A century ago, many children in the United States had to work to help support their families. That was especially true for poor immigrants like Camella Teoli of Lawrence, Massachusetts (see "The Girl Who Spoke Out for Workers' Rights"). At the time, there were few laws regulating how businesses could treat their employees, so young people often worked long hours for little pay. This changed over time as more Americans became aware of the conditions kids were working under.
But child labor is still a problem in many other countries today. A lot of manufacturing that was once done in the U.S. has since been moved overseas to countries where wages are much lower and there are fewer regulations. Kids there often work in conditions that are even worse than those Camella experienced. Many Americans would be shocked to know that children often make the clothes, electronics, and many other products they buy.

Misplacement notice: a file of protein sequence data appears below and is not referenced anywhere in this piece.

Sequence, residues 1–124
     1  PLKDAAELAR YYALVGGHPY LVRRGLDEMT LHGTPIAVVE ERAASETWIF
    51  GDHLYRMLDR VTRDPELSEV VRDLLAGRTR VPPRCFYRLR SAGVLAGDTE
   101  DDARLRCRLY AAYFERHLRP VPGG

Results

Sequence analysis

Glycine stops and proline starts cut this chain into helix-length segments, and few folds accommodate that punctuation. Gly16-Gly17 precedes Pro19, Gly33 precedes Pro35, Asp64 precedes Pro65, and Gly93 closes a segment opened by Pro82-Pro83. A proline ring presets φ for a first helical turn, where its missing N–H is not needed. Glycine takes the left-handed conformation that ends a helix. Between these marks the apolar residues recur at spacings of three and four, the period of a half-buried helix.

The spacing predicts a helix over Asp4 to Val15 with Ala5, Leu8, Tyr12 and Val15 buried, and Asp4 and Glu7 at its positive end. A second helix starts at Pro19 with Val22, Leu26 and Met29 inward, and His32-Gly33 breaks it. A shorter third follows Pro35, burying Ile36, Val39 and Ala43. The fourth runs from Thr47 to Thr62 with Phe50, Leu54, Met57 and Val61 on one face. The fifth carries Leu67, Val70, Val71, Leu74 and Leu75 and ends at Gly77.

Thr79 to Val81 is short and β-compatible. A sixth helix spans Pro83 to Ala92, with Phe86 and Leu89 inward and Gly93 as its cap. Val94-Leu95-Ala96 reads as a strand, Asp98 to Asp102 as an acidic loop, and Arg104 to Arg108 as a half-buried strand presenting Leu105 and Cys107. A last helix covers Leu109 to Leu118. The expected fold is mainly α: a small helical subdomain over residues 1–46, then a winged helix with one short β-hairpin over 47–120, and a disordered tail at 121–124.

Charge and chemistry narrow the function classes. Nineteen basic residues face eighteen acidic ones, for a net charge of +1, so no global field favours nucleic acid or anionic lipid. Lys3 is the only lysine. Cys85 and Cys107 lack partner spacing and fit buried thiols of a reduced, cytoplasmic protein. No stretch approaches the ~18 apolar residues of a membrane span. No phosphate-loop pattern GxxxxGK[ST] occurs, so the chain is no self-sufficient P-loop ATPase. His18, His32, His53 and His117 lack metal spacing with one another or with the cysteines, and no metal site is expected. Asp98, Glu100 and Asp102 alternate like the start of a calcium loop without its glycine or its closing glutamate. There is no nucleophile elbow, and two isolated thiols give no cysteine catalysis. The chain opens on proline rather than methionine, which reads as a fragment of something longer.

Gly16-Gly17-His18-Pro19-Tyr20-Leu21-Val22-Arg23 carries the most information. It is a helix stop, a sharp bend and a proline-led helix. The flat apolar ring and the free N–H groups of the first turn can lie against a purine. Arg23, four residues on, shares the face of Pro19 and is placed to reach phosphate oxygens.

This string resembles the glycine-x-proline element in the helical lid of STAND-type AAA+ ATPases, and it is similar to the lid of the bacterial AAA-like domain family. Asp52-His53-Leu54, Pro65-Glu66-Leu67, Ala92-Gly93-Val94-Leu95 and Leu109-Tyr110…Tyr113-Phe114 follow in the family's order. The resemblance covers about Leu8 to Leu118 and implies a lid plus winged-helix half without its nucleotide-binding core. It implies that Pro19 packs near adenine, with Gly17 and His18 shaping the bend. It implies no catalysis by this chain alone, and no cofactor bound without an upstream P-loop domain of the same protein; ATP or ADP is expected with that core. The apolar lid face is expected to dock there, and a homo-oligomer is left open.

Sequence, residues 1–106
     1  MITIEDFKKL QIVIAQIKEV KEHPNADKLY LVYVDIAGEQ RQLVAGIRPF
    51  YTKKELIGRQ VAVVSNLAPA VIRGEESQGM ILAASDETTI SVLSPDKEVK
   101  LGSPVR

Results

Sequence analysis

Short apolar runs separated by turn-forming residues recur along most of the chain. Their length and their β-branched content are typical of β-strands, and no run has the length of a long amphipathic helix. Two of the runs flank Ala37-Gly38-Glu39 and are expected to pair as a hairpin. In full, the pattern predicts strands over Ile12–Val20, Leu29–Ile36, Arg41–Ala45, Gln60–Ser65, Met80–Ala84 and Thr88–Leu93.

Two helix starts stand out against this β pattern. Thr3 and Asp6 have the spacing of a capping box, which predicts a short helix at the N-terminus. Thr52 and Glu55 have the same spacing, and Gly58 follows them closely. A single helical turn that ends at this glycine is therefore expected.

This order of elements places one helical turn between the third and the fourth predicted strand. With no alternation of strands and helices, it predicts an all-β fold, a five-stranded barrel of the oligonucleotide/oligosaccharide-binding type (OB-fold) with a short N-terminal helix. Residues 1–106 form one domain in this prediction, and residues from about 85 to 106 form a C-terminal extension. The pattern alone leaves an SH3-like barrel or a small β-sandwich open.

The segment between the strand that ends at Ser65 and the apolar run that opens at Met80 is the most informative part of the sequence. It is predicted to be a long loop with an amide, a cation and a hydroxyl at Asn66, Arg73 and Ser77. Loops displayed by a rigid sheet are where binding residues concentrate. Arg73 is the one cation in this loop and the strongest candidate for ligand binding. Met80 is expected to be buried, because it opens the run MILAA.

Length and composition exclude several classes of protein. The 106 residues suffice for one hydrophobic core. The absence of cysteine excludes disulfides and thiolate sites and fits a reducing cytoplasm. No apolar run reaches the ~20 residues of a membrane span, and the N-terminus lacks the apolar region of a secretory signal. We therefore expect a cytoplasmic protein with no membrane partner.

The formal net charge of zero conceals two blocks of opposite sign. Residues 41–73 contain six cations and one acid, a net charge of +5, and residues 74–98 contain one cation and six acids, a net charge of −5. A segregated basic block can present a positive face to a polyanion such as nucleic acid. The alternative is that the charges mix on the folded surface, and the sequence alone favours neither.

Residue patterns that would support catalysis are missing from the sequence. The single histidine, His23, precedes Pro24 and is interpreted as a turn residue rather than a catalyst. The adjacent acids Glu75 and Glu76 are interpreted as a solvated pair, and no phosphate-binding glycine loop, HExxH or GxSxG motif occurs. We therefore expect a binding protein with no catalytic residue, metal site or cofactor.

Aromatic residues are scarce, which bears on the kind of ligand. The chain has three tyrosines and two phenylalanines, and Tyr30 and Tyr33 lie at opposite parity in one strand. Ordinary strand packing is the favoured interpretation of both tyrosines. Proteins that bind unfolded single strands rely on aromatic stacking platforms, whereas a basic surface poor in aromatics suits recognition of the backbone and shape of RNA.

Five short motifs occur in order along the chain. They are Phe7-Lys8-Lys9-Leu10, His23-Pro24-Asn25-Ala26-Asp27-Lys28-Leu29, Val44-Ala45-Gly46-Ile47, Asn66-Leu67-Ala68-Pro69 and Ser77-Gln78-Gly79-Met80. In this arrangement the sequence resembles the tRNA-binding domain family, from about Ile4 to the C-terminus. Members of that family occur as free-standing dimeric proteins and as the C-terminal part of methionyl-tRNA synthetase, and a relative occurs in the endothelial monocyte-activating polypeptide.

These two cartoons comment on child labor. The top cartoon was drawn in 1912 by Lewis Hine. He tried to call attention to the plight of child laborers by taking photos of them—including the one in the article, "The Girl Who Spoke Out for Workers' Rights." The bottom cartoon depicts one kind of labor that children are engaged in today. Study the cartoons, then answer the questions.
1. Who are the people underneath the giant hand in the top cartoon? What is happening to them?
2. Who does the hand belong to? How does the ring on the little finger add to the cartoon’s message?
3. In the bottom cartoon, what is the boy doing? What would he prefer to be doing, and how do you know?
4. Note the large number of soccer balls. How do they contribute to the cartoon’s message?
5. How are the conditions of the children in the top cartoon and the boy in the bottom cartoon alike?